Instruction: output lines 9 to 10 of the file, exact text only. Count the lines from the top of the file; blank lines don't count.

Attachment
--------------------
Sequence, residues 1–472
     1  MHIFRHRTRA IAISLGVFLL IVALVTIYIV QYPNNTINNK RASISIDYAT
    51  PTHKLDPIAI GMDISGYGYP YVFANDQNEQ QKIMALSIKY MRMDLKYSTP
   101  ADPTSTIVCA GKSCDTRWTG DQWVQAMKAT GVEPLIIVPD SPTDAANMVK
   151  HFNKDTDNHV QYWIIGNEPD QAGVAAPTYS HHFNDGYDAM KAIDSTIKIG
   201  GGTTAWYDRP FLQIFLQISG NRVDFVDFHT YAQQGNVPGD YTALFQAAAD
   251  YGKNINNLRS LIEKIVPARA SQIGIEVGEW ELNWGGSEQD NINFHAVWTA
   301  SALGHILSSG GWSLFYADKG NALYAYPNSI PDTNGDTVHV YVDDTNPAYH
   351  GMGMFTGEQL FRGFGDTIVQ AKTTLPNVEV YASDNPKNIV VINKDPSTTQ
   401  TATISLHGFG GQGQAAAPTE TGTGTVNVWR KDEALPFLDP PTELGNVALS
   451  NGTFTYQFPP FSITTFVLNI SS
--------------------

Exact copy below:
   351  GMGMFTGEQL FRGFGDTIVQ AKTTLPNVEV YASDNPKNIV VINKDPSTTQ
   401  TATISLHGFG GQGQAAAPTE TGTGTVNVWR KDEALPFLDP PTELGNVALS